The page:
Chamber of the European Court of Human Rights in the case of J.A. Pye (Oxford) Ltd. Vs. U.K.,
    the human rights issues relating to the doctrine of adverse possession have been put to rest for
    the time being and should not be pursued further. The consultees were unanimously in
    19 (2005) 49 ERG 90
    agreement with the Law Commission that the doctrine of adverse possession should be reained to
    enable a squatter to acquire the title of a dispossessed owner after the expiration of the specified
    period of limitation.

  8. ‘A’, a trust filed an ejectment petition against ‘B’ in the year 1983, dismissed; appeal also dismissed in 1990. Rent was paid upto 1987. No litigation thereafter. B vacated the (Shop) property in 1992. In 1995, B’s son occupied the shop again unauthorizedly. B died in 1999. A again filed a petition in 2012 alleging B’s tenancy in the hands of his son. can B’s son claim adverse possession over said shop. B’s son denied tenancy and earlier litigation and claimed independent adverse possession. Will B’s son succeed ?

    1. if B’son is plaintiff in suit then he cannot claim adverse possession in view of case law i.e. Bhim Singh vs. Zile Singh see AIR 2006

    1. the caretaker can apply for the registry, the only thing is that he has to fulfill the limitation period provided under the Limitation Act and also by his acts he should show…. as if he is the real owner of the property to the world around property.

    Respected Sir ,
    This petition/information is being submitted to you for NOT CHANGEING/AMEND the law of Adverse possession by the virtue to the Limitation act of India 1963 which has been selected, drafted and notified after due deliration by our selected public representative M.P’s and with cumulative mind of the Hon’ble Parliament of India which always keeps in mind the Interest of Public at large .
    If at all the said law of adverse possession in which Interest of the public as already decided by the parliament of India in regard to the law of adverse possession is change there will be following negative effect on the people of India and on other systems also
    1 The said law is existing all over the world as it reduces litigation due to the said parameters in the limitation act of India.
    2 If this law of adverse possession is changed or abolished it would be unconstitutional would undermine the honorable Parliament of India will and facilitate unnecessary litigation which were already barred by The limitation act of India ,
    3 it would also facilitate crime as criminals would be hired by the past owner’s who already lost there title by adverse possession to take possession from the current owner,
    4 it would also harass lacks of people/family’s in India who have bought properties on oral agreements , part agreements in olden days by just paying money and taking over possession due to High illiteracy rate buying property by virtue of receipt’s or just taking over possession not hiring advocates due to money shortage and just ending up making documents if at all which were not completely recognized , authorized by state and did not / were not entitled to get their names mutated in various government records as morally, constitutionally these transactions were genuine but were not documented as per the current law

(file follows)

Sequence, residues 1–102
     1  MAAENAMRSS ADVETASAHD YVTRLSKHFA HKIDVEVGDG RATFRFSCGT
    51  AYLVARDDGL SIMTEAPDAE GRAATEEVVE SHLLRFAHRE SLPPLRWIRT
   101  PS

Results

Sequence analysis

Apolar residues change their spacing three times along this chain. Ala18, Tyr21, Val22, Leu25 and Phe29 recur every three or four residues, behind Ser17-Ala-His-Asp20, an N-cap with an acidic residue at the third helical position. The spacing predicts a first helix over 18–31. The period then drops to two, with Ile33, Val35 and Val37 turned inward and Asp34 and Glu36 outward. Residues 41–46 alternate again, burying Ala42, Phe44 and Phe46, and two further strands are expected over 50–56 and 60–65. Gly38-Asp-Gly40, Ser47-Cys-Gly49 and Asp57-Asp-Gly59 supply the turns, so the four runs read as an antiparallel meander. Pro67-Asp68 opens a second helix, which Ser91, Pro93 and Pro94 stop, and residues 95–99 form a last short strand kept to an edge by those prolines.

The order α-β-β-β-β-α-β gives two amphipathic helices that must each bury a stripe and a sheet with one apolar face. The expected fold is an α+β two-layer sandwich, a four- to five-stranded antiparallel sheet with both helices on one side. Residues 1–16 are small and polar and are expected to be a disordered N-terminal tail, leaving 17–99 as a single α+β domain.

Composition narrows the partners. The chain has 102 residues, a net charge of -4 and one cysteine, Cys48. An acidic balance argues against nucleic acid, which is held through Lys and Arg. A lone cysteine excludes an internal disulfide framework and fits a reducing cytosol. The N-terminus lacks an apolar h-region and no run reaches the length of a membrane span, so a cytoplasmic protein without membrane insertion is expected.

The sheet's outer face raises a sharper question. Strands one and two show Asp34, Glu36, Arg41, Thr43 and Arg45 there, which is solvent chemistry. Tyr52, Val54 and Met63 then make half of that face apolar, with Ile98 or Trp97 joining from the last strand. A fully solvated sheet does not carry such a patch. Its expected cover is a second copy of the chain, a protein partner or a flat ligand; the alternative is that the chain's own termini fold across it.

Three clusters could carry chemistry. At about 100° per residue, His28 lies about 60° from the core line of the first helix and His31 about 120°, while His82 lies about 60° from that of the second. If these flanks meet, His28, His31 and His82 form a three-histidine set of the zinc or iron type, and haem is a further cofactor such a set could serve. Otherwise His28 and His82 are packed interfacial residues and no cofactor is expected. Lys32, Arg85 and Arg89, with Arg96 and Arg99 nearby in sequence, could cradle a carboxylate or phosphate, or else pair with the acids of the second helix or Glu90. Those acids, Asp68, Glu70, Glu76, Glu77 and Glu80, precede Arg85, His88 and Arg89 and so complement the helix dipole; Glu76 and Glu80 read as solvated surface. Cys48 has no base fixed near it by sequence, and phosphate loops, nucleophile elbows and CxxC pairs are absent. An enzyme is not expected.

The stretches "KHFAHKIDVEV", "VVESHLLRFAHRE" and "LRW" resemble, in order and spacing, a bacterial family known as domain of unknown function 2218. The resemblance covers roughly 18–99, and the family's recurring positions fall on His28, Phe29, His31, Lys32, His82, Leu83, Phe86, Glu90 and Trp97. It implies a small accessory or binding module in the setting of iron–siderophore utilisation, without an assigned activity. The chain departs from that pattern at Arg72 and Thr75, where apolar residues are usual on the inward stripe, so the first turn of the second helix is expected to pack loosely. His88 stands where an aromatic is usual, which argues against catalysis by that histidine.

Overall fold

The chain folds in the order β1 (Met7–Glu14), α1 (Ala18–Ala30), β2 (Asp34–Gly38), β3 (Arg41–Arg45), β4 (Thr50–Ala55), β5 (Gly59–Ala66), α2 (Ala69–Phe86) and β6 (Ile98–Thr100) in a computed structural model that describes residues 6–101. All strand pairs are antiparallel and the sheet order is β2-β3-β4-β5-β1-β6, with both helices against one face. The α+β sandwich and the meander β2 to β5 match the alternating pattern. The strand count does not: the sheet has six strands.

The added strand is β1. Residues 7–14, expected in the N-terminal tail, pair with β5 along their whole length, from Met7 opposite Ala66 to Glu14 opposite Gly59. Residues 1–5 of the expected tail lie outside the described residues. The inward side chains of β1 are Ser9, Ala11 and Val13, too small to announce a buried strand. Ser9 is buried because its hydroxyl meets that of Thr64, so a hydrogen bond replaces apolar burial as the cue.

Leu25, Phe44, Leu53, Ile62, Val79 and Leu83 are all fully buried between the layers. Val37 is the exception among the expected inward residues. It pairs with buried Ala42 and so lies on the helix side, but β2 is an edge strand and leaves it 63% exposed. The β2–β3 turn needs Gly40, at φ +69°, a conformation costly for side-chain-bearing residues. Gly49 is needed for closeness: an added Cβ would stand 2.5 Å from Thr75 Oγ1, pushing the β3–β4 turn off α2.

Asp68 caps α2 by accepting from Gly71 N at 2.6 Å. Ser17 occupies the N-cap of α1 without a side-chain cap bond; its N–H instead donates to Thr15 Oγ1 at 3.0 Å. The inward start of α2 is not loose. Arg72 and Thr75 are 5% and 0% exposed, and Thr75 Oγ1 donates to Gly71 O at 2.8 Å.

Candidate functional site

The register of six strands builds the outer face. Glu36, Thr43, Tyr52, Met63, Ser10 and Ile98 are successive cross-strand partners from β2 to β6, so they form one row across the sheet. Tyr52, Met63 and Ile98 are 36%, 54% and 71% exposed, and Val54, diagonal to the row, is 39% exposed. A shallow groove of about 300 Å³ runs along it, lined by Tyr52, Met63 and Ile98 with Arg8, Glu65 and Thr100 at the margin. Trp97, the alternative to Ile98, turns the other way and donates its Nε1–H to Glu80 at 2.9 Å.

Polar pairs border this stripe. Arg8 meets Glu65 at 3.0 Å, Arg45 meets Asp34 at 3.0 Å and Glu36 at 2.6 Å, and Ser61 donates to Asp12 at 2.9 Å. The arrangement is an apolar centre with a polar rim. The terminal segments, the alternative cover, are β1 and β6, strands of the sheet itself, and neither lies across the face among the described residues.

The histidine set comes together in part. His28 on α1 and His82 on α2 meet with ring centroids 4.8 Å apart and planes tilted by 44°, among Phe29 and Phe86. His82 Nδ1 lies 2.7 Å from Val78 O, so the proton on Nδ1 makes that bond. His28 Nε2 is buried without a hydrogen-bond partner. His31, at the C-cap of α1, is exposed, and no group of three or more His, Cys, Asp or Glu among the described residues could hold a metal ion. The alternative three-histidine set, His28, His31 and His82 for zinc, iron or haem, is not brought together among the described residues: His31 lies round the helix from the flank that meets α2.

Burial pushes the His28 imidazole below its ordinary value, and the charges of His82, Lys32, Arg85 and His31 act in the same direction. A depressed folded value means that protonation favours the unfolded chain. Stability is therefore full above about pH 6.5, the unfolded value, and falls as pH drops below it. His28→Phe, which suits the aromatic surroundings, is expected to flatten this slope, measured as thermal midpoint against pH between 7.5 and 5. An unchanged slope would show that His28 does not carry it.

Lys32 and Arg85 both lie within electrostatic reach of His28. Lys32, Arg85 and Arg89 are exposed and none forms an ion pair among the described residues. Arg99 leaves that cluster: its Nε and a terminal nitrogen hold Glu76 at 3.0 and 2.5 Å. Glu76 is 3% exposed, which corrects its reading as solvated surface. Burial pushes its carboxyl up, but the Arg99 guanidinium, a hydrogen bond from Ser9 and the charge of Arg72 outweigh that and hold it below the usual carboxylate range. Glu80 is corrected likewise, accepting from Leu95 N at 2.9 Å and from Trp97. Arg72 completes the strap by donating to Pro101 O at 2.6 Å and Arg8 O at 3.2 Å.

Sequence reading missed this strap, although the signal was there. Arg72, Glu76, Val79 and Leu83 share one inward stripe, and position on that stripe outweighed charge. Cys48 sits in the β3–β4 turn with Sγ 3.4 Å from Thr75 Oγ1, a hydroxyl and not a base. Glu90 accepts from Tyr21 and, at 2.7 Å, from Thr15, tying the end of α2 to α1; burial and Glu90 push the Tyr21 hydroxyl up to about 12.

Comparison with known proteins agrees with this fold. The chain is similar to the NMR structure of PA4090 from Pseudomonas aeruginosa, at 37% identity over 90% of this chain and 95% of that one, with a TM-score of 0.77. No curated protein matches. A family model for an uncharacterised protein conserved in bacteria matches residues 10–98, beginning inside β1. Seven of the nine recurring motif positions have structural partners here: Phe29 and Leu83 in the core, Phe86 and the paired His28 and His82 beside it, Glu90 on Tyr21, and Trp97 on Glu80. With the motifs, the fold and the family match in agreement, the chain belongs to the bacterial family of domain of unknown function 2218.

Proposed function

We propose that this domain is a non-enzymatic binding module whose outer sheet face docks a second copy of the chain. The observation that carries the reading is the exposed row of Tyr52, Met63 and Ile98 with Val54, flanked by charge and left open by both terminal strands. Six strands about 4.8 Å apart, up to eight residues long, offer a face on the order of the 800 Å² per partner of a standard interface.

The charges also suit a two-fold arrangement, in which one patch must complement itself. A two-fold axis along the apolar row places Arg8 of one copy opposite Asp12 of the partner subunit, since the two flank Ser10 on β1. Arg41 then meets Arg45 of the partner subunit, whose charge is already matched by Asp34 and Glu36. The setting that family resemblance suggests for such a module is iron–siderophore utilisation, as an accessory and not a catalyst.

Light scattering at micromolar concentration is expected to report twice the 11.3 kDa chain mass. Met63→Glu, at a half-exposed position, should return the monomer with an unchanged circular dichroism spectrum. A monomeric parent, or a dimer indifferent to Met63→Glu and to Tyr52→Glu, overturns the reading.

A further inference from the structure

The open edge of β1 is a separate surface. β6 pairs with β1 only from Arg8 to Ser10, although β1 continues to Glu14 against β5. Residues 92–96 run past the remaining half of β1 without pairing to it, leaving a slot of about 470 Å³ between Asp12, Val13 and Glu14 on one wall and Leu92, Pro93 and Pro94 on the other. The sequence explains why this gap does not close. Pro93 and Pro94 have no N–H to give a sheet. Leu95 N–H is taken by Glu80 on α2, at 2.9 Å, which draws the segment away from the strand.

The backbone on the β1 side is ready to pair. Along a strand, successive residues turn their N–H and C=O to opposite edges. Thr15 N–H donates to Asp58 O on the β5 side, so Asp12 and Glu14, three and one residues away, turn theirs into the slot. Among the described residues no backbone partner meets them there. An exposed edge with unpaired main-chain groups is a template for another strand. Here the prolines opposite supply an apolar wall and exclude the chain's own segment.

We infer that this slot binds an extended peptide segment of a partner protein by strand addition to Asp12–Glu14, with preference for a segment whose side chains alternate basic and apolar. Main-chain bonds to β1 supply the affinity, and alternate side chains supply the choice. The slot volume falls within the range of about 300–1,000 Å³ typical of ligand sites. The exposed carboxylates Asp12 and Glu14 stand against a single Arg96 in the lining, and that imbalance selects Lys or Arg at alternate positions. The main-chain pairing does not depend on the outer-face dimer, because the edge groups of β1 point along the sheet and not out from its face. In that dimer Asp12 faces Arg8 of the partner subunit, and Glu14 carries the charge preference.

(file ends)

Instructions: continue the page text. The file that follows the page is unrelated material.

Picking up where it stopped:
Due to above said reasons and foreseen circumstances and as time passed the said purchases/people who were in possession of their respected properties also perfected their title by adverse possession as the claimants as per the government records in every state of India already knew that they are no more owners/don’t have right over the said property as such in rural areas and in urban areas people/families are saved by the virtue of adverse possession “The Limitation Act 1968 “for illiteracy of their forefathers/their own illiteracy . This law is being practiced all over the world , also it is evident in the Indian Evidence Act the person in possession is primafaci the owner of the property More “The Concept of adverse possession exist to cure potential or actual defects in real estate titles by putting a statute of limitation on possible litigation over ownership and possession. A landowner could be secure in title to his land’ otherwise, long-lost heirs of any former owner, possessor or lien holder of centuries past could came forward with a legal clam on the property “ ,but in India we still have this situation in rural parts and as well as in modern cities due to illiteracy, lakhs of legal knowledge y,money constraints etc as such The law of adverse possession by the virtue of The Limitation act of India 1968 DON’T NOT WARRANT ANY CHANGE
    6)The intention of such statutes is not to punish one who neglects to assert rights , but to protect those who have maintained the possession for the time specified by the statue under clam of right or color of title’s or even by possession maintaining the property
    A very important thing in mind the Hon’ble parliament/ Senior Buru carts who also have responsibility of India on there shoulder’s has to keep The said law of limitation act has 1 to 137 schedule’s( Parts ) in which time frame for suit’s , appeal, recovery of money , damages ,mortgage , recovery’s , declaration etc have been framed as in such matter’s also arguments can be given :- .
    As for recovery of money the time limit is 3 years in the act , what if a person who has a genuine clams , he files suit say after 8 years , he is barred by Law already notified by the parliament of India to recover the money which he has to recover and such arguments can also be address in 137 schedules of the limitation act , which will make the WHOLE act defunct and there will be no limitation of files suits , going to court’s law will go haywire court will be filled with unnecessary litigation , there will be No cap on litigation List attached ANX 1